Route 66 Begins in Chicago

It all begins in Chicago. . .

By P.C. Zick@PCZick

When I began planning the Route 66 trip, the tour books gave different opinions on what to visit during the 2,200 mile trip from Chicago to L.A. But they all agreed on one thing: Route 66 starts in Chicago.

My three traveling companions and I booked a suite at the Best Western River North on Ohio Street in downtown Chicago. We weren’t far from State Street so we decided to get out and walk until we found a place to eat. The first thing I always notice and appreciate about Chicago is the melding of the architecture  with nature as the Chicago River meets Lake Michigan in the area known as The Loop. As we walked in the heart of this area, we often stopped and gawked and took pictures.

Another thing agreed upon in the book is where to have breakfast before heading west. Lou Mitchell’s sits right at the start of the original route, which began on Jackson Blvd. at Michigan Ave. before the World’s Fair in 1933 displaced it further east toward the entrance to Grant Park. However, Lou Mitchell’s,  a Chicago landmark since 1923, remains true to the spirit of the Mother Road. The diner is known for its hearty breakfasts and the free things they give to patrons. We found this to be true immediately while we waited in line for our table. The hostess gave us all doughnut holes, and once we were seated, the waitress handed us all small boxes of milk duds. We discovered later only women and children received the milk duds.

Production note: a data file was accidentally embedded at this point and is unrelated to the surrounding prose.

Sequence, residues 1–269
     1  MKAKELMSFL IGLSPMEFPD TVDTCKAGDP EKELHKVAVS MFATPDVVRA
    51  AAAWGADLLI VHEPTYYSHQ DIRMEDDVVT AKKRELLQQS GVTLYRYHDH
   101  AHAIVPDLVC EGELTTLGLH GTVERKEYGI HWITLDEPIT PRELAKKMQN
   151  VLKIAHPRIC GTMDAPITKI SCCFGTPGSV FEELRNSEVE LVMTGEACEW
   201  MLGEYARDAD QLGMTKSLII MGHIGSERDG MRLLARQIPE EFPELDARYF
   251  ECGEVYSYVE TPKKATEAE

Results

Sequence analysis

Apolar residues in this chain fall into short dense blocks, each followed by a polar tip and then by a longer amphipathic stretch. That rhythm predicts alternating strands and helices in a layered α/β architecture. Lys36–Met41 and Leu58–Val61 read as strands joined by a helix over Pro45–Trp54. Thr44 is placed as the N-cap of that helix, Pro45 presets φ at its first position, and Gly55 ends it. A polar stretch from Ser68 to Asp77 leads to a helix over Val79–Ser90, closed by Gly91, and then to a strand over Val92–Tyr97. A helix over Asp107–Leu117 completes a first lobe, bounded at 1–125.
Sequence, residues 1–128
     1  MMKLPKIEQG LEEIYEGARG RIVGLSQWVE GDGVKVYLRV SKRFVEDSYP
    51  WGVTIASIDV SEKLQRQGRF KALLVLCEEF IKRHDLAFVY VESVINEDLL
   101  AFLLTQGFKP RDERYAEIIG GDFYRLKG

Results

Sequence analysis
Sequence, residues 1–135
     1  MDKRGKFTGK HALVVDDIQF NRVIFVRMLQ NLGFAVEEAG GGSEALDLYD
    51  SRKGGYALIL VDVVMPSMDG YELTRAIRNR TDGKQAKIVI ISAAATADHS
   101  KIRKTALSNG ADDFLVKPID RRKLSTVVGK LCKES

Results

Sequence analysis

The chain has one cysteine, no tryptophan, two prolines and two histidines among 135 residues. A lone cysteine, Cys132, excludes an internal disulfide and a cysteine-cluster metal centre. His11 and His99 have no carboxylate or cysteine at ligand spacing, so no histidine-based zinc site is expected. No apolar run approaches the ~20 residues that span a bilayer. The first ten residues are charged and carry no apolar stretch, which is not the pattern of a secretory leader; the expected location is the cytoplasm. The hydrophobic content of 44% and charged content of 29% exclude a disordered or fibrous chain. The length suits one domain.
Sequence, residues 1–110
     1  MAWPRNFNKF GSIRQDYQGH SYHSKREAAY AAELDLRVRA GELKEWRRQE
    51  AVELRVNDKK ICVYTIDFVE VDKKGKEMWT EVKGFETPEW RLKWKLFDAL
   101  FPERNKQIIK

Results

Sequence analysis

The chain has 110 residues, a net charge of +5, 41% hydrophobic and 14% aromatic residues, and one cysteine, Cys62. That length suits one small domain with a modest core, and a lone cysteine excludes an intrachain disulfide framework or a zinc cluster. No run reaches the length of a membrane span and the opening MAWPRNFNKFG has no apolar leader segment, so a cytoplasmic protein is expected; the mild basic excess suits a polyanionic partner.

After we placed our breakfast orders, large, juicy prunes sprinkled with cinnamon were placed in front of us. Now I don’t normally eat prunes, but when I saw one of my companions cut into hers and spied the juicy insides, I couldn’t resist. I’ll never eat a regular prune again after tasting that sweet morsel.

My breakfast came in an 8-inch skillet. I ordered two eggs over easy, but received four yolks as did everyone else at the table. When I asked the waitress, she said all the eggs they served were double-yolked.

I was already sold on the place, but the final act sealed my sticker of approval forever. The waitress brought us all soft-serve ice cream for our breakfast dessert.

What’s not to love about a place that serves prunes and ice cream after an appetizer of milk duds? We were fueled for the adventure that lay before us, which that day included visiting the several fiberglass giants along the route in Illinois. And it all began in Chicago.

About P. C. Zick

I write. It's as simple and as complicated as that. Storytelling creates our cultural legacy.
This entry was posted in Route 66 and tagged , , , , , . Bookmark the permalink.

Leave a Reply

Fill in your details below or click an icon to log in:

WordPress.com Logo

You are commenting using your WordPress.com account. Log Out / Change )

Twitter picture

You are commenting using your Twitter account. Log Out / Change )

Facebook photo

You are commenting using your Facebook account. Log Out / Change )

Google+ photo

You are commenting using your Google+ account. Log Out / Change )

Connecting to %s